Caio Seguin: Conceptualization; Data curation; Formal analysis; Methodology; Visualization; Writing – original draft; Writing – review & editing. Ye Tian: Data curation; Formal analysis; Methodology; Writing – original draft. Andrew Zalesky: Conceptualization; Formal analysis; Methodology; Writing – original draft; Writing – review & editing.

Caio Seguin, Melbourne Research Scholarship, University of Melbourne (http://dx.doi.org/10.13039/501100000987). Andrew Zalesky, National Health and Medical Research Council (AU), Award ID: 1136649.

We thank Olaf Sporns for valuable discussions. Human data were provided by the Human Connectome Project, WUMinn Consortium (1U54MH091657; principal investigators: David Van Essen and Kamil Ugurbil) funded by the 16 National Institutes of Health (NIH) institutes and centers that support the NIH Blueprint for Neuroscience Research; and by the McDonnell Center for Systems Neuroscience at Washington University.

• Polysynaptic path:

A path between a source region and target region that contains at least one intermediary region; a path between anatomically unconnected regions.

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• Brain network communication model:

A model of how neural signaling unfolds atop the structural connectome; a strategy to describe how information is communicated between regions.

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• Structure-function coupling:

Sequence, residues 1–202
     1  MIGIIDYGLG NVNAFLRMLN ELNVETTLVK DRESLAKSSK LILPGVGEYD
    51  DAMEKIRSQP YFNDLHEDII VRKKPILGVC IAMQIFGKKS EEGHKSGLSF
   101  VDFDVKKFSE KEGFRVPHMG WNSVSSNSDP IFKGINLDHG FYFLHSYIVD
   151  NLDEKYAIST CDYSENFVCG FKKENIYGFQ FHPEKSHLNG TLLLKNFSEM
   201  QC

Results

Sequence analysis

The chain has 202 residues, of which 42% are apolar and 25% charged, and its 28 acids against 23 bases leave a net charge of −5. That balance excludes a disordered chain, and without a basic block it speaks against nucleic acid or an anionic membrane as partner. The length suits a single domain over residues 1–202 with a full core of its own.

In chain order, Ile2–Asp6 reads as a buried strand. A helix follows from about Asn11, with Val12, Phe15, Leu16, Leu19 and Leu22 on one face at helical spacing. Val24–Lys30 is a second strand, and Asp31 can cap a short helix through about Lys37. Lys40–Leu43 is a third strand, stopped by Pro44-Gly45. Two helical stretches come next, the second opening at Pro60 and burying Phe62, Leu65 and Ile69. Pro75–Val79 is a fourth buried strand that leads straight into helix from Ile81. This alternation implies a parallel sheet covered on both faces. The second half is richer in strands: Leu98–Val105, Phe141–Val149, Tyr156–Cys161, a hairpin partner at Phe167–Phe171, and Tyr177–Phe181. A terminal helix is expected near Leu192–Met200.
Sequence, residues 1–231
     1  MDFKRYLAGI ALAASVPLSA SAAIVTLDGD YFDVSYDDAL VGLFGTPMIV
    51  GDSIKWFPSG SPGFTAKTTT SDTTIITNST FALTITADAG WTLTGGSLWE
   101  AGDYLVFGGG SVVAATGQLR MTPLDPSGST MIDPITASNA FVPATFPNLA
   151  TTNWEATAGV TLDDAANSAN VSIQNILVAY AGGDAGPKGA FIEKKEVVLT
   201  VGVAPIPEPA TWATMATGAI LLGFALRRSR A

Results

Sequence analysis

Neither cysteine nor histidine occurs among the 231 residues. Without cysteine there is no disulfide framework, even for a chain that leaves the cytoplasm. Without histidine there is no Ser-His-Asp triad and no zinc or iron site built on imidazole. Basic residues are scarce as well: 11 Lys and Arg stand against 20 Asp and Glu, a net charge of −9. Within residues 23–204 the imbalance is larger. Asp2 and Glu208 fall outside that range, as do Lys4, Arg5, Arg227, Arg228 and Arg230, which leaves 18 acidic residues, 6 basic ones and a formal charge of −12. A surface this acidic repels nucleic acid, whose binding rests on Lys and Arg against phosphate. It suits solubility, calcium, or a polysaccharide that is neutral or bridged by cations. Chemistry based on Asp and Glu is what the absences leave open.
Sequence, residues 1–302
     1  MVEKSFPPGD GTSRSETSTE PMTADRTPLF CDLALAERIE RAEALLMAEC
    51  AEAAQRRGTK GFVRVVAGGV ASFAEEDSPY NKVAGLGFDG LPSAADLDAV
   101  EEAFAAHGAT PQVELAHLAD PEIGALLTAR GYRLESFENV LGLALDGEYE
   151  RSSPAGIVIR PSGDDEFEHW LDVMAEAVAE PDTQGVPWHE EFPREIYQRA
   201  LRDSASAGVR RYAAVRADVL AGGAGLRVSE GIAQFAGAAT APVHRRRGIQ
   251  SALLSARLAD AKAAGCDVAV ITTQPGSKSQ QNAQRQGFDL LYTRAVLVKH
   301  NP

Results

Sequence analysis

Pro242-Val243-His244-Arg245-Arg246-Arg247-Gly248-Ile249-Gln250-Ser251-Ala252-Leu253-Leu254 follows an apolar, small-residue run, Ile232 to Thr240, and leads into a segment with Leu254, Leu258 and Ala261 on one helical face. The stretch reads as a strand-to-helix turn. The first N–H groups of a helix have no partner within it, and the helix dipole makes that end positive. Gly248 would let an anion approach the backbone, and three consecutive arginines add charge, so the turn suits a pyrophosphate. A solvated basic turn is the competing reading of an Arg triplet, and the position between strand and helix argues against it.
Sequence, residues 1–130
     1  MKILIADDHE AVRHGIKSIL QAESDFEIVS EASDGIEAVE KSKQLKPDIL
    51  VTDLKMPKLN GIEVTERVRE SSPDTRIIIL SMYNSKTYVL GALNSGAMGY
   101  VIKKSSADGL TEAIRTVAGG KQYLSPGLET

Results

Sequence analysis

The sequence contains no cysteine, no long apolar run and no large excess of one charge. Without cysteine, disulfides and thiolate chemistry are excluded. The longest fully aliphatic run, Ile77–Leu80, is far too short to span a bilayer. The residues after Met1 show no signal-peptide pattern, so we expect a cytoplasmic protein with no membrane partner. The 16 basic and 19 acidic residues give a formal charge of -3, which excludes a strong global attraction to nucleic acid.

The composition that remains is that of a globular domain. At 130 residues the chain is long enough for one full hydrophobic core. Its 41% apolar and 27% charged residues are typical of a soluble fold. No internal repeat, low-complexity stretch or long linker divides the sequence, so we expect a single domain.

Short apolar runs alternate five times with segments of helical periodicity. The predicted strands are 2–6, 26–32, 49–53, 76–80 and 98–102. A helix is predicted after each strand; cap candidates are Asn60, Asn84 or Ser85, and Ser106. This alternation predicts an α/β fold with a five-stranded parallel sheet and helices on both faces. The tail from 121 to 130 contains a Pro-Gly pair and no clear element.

Relationship between structural and functional connectivity. Typically quantified by the correlation between structural and functional connection weights.

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• Shortest paths efficiency:

Communication efficiency under the shortest path routing model. Considers that neural signaling unfolds via optimally efficient paths.

•

Communication efficiency under the navigation model. Considers that neural signaling unfolds via geometrically greedy paths.

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• Diffusion efficiency:

Communication efficiency under the diffusion model. Considers that neural signaling unfolds via random walks.

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• Search information:

The amount of information required for a random walker to travel via shortest paths. Quantifies the accessibility of efficient communication paths in the connectome.

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• Communicability:

Weighted sum of all walk lengths between region pairs. Considers that neural signaling unfolds as a diffusive broadcasting process.

•
• Communication matrix:

A matrix quantifying communication between every region pair under the assumption of a certain network communication model.

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Author notes

Competing Interests: The authors have declared that no competing interests exist.